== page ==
Now, I can understand how they might feel tricked here. I can understand how they might feel bugabooed because millions of votes, theoretically, are gonna happen that aren't going to count. Hey, welcome to establishment politics. We have played for you the sound bites on this program of delegates -- I'm sorry -- of officials, rules committee officials. We played the sound bite of one of these guys that said, "Hey, what you all have to understand is the people don't select our nominee; the delegates do, we do." None of this is a mystery. This is the definition of insider versus outsider. This is a classic illustration of how an outsider has to learn the insider game to play it.
Every business has its rules and laws, bylaws, and specific ways that you have to climb the ladder of success. In addition to that, people that run the club -- in this case, the Republican establishment -- are not gonna sit idly by and let a bunch of outsiders, the peasants with pitch forks, however you want to visualize them, they're just not gonna sit idly by and let people come in and take it. It's too valuable. In most cases this is how all of these people value themselves. This is from which they derive their self-worth, is their membership in this club.
So I don't see Ted Cruz lying and cheating his way to the convention. I see a lot of hard work. I see some people who know what they have to do, given where they are. They're in second place in both the vote count and the delegate count. They're serious about winning. The Cruz team is serious about winning. They have made themselves fully aware of how the process works, and they've been out working it for quite a while. They went into Louisiana where Trump scored a massive win but they've come out of there with many more delegates than, by appearances, they should have.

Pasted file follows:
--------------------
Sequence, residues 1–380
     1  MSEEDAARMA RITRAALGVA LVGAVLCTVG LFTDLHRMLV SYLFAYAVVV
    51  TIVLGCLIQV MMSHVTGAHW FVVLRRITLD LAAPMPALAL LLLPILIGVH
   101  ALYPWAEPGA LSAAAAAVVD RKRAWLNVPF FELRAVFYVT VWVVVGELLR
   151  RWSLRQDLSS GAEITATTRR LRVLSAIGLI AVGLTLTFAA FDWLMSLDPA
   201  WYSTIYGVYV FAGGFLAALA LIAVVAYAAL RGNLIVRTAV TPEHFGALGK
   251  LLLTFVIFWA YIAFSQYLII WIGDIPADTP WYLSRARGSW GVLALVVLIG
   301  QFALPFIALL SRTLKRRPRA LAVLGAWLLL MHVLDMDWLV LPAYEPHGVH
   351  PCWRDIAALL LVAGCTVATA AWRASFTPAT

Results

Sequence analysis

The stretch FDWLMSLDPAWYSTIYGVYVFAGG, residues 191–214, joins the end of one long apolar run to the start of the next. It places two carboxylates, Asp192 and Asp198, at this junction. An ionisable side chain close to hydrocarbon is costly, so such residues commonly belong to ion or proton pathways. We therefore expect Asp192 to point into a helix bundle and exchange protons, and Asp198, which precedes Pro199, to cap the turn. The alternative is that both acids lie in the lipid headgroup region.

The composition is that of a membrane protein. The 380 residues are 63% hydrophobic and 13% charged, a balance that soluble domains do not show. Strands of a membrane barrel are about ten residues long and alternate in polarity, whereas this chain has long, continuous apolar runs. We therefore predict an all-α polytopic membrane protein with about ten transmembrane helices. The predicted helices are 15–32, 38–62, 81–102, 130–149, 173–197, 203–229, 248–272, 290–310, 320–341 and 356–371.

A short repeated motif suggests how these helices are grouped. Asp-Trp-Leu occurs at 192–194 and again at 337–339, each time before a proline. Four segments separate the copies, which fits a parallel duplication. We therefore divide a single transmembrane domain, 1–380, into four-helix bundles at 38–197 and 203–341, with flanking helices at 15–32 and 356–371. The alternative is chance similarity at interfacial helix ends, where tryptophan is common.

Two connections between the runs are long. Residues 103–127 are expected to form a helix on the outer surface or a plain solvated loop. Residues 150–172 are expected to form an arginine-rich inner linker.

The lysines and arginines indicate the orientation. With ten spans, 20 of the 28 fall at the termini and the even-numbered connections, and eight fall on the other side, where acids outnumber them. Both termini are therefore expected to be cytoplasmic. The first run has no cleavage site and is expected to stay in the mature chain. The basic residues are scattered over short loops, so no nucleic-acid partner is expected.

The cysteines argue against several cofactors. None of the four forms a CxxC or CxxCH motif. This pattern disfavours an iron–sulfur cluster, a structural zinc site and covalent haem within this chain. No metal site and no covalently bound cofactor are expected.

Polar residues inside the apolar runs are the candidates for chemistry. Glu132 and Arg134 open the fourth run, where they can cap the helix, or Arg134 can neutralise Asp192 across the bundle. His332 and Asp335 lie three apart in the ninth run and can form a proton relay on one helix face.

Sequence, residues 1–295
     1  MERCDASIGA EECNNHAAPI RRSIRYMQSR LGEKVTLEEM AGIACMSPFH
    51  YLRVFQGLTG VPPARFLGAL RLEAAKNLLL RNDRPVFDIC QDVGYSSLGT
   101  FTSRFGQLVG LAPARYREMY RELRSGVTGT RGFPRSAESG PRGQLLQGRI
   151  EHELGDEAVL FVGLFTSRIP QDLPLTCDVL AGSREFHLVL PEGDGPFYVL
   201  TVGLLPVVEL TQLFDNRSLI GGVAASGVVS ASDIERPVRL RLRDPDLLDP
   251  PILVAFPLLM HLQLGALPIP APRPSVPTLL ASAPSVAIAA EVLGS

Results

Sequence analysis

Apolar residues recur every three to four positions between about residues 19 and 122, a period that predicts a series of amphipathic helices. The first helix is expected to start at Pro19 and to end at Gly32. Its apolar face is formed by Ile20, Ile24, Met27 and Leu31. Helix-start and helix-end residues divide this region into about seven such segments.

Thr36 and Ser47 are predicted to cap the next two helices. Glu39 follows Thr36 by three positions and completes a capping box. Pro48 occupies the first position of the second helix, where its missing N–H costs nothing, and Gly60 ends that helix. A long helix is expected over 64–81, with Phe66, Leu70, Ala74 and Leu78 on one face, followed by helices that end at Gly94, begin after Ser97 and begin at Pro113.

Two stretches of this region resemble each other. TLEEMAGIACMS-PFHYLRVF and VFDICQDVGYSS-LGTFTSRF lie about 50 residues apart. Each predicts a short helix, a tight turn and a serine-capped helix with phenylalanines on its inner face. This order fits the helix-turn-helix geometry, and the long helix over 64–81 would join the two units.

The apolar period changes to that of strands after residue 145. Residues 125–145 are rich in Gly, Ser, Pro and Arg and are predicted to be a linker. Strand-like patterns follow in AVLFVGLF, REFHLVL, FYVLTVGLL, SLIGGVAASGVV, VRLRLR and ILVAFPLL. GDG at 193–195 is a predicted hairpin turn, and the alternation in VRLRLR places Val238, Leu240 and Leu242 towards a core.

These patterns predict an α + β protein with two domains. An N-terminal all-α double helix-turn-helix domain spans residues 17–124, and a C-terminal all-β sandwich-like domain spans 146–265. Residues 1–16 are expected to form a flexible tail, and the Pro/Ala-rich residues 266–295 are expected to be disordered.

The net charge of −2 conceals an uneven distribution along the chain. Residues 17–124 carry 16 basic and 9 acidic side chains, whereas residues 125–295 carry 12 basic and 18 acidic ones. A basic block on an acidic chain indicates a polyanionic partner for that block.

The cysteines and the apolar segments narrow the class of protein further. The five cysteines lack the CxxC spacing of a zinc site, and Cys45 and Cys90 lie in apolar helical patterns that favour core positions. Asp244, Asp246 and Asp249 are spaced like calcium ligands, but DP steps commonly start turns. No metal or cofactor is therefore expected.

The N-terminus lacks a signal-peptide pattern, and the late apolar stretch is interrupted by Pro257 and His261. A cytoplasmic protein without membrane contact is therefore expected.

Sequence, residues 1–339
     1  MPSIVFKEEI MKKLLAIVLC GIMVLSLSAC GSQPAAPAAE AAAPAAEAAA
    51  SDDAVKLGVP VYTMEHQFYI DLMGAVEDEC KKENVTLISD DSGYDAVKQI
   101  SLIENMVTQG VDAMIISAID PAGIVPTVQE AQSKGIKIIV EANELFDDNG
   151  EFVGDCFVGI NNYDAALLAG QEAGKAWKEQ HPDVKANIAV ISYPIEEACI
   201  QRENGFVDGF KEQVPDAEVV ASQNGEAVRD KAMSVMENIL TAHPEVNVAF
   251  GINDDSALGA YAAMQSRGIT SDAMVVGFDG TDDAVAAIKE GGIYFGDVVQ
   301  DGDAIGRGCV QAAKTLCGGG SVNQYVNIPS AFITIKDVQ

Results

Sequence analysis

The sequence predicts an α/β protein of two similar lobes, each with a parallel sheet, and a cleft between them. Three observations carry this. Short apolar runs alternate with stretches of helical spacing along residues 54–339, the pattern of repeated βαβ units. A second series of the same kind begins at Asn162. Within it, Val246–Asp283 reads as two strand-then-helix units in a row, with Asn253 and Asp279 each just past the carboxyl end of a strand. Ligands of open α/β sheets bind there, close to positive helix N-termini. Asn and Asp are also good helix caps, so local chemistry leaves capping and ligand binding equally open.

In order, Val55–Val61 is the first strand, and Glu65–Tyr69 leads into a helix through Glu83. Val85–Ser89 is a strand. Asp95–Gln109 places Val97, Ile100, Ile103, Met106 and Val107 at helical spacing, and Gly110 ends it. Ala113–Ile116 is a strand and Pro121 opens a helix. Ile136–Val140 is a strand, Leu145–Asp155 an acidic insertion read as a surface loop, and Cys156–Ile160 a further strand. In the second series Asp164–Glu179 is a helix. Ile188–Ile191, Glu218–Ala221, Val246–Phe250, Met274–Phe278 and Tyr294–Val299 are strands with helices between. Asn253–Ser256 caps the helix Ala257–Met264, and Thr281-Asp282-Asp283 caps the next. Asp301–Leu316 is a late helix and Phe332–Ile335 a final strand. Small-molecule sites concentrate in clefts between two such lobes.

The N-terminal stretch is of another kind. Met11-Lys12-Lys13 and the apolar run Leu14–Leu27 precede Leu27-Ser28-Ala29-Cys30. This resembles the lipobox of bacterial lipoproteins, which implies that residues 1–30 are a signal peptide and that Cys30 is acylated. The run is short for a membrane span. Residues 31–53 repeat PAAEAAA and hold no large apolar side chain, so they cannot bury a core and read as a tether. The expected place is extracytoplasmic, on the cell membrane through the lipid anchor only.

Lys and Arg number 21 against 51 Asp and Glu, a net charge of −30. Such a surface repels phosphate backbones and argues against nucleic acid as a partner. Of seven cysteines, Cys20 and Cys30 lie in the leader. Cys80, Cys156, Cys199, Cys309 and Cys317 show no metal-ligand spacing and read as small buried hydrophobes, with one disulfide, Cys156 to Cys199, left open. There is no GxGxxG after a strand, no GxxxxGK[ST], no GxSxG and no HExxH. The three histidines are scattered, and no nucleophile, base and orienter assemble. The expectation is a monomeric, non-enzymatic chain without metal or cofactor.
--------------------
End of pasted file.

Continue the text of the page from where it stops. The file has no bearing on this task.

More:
Ted Cruz had goals. He worked the problem 'til he got the result he wanted. What he's demonstrating, folks, he's demonstrating he knows how to work himself within this insider labyrinth. He knows how to navigate it. He knows how to work it. He knows how to turn it to his advantage. You have to look at this and say, "Okay, what does this tell us about Cruz, if he should become president?" No matter how enamored you are -- and a lot of people are -- no matter how enamored you are of the notion of a total outsider with no links to the establishment, no links to insider politics, nothing whatsoever, you're fascinated by that happening, somebody coming in and just totally wrecking the castle, finding out that you can't do that without getting inside the castle first. 'Cause people inside the castle are not gonna let you crumble the walls.
You know, being an outsider, it has benefits, but it has drawbacks, too, and knowing the rules inside out and outworking the competition is not cheating. If you happen to be more knowledgeable of how things work and are able to work it to your advantage, that's just hard work. That isn't cheating. I think the entire lesson, if look at the Obama campaign and the Cruz campaign, organization matters, from the grassroots on up. Obama has charisma. Trump has loads of charisma. They connect with their audiences.
But I think what happened to Trump -- and I'm just wild guessing here -- I think the assumption was made at some point that our lead is so massive and that our love is so great and we're just skunking everybody, if you go back to the early months of the primary, we're skunking everything, we're getting all that free media, we're getting all these votes, we're winning in every one of these primaries, most of 'em that count, losing some of the caucuses, but our poll numbers, we're getting double-digit leads over people. And it was probably assumed that that would translate to delegates, and maybe even assumed it would translate to massive public and inside-the-party support. But of course it doesn't.